In a double blow to beleaguered L.L. Knickerbocker Co., creditors are trying to force the celebrity-doll marketer into bankruptcy, and Nasdaq has delisted its stock.
Three Taiwan manufacturers filed a petition to force the company into liquidation proceedings under Chapter 7 of the Bankruptcy Code. The creditors said the Lake Forest company owes them nearly $1.3 million.
"The reason we've put this before the Bankruptcy Court is so the company is forced to come up with a plan to pay its creditors," attorney Margaret A. Glynn said. "The business will continue operating for now. Whether or not the business is liquidated depends on the cooperation of Lou Knickerbocker."
The creditors are An Arch Associates Inc., Green Spring Co. and Prime Doll Development.
Chief Executive Louis L. Knickerbocker could not be reached for comment Wednesday. However, company attorney Marc Winthrop said L.L. Knickerbocker will not liquidate. "The company will continue to operate," he said.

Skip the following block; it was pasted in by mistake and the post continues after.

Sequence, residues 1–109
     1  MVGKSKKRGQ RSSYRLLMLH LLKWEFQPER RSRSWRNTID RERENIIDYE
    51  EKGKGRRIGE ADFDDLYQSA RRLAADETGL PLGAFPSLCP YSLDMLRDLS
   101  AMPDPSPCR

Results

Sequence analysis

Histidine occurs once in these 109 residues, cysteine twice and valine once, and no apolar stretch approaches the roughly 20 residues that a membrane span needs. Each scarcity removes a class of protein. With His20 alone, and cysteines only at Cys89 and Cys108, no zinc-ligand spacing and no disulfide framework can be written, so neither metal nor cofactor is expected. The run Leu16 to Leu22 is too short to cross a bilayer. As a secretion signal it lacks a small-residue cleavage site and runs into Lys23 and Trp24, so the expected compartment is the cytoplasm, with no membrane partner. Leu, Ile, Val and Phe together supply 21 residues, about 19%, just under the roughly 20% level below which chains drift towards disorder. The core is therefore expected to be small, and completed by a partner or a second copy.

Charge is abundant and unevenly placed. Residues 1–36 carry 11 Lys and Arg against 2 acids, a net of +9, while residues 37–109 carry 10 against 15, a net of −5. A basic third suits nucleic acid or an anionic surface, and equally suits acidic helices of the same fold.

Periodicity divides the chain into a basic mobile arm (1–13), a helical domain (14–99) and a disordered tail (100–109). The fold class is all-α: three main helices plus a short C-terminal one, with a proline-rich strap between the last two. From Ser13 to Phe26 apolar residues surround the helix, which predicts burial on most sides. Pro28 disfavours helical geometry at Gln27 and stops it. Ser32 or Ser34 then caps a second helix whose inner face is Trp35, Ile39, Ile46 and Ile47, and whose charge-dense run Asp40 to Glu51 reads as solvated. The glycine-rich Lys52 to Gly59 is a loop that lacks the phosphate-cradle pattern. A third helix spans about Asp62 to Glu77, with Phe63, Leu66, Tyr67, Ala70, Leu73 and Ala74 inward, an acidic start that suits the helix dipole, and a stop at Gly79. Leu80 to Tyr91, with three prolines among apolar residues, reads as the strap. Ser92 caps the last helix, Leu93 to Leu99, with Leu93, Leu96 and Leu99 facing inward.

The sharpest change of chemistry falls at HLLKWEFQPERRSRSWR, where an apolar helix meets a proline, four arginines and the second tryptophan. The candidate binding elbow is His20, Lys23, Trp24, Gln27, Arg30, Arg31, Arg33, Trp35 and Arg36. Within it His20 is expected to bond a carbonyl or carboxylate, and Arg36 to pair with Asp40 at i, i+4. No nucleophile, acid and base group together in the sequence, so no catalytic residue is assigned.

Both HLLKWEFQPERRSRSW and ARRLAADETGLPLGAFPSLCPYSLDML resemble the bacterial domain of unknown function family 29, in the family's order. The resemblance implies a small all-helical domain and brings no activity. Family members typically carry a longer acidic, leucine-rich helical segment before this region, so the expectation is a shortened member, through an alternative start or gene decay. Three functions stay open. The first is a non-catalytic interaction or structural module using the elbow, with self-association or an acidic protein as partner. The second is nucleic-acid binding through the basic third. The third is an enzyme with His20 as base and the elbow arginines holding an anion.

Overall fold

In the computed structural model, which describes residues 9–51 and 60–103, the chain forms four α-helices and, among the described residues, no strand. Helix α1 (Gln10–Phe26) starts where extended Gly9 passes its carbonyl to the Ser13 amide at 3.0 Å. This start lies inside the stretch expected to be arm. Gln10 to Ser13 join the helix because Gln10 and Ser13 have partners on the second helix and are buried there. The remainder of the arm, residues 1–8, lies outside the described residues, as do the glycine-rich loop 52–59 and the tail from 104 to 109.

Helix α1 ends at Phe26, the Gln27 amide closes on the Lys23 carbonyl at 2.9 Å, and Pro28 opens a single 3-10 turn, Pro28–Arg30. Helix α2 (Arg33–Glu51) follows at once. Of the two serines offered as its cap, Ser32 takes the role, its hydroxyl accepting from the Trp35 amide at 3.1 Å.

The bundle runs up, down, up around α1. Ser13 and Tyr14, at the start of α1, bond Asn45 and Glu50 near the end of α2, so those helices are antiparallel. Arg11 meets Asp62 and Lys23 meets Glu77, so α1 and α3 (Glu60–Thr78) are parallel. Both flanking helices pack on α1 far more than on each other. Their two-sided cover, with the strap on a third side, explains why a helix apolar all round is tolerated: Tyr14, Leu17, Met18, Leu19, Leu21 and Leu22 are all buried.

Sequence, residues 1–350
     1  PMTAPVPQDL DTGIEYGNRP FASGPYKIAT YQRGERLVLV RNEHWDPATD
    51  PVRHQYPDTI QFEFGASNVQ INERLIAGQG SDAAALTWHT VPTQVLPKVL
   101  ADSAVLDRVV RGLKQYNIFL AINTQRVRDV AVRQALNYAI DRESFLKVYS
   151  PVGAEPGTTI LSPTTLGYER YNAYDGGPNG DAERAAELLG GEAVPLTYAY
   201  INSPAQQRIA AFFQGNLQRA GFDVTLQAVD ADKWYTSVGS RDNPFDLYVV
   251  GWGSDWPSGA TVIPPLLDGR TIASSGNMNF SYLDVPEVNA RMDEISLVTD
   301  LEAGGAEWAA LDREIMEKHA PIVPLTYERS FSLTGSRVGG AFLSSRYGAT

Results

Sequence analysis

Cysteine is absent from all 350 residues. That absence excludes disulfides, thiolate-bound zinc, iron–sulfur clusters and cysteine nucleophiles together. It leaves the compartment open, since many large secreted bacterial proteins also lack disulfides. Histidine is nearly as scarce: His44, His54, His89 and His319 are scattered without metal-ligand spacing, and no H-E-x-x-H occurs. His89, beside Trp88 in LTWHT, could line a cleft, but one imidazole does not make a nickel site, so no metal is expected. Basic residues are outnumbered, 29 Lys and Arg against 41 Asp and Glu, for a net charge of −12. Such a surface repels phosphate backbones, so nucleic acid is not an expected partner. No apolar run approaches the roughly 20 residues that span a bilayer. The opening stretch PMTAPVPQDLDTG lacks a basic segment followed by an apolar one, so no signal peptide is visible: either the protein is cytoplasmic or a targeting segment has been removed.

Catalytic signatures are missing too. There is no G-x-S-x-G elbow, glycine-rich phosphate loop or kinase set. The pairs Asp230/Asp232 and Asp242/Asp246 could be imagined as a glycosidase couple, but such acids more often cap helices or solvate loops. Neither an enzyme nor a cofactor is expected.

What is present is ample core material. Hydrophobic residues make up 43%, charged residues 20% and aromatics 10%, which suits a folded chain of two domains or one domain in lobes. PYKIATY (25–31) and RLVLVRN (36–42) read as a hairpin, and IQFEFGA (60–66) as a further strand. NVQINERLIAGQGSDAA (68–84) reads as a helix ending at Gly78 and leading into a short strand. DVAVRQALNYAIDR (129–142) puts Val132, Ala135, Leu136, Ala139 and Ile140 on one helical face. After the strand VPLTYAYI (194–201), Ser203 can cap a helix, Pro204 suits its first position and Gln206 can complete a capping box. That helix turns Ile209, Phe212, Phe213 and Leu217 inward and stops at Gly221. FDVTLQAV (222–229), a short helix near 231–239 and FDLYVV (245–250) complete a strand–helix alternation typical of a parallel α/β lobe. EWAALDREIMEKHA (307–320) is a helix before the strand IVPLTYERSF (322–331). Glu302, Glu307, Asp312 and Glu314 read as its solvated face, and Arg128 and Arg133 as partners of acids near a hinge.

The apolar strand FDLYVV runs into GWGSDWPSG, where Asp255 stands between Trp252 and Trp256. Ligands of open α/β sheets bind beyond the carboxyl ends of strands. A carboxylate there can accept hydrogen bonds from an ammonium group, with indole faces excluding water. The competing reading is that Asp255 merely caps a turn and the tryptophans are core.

Knickerbocker also said Wednesday that it had been notified by Nasdaq officials that its common stock had been delisted Tuesday after the market closed for failing to meet minimum listing requirements of $1 a share.
The shares have traded below $1 since Feb. 8. In the first day of over-the-counter trading Wednesday, the shares slumped to 3 cents, a 52-week low, before closing at 6.5 cents, off 6 cents for the day. Volume totaled 1.5 million shares.
Knickerbocker's stock has had a turbulent past. In 1995, it shot to $52 a share from $4 before a 5-for-1 stock split, a run-up that stirred controversy. Flamboyant broker Rafi M. Khan in July was accused in a lawsuit of manipulating the shares of Knickerbocker in 1995, helping to fuel the sharp gains.
The company has posted losses in 10 of its last 11 quarters.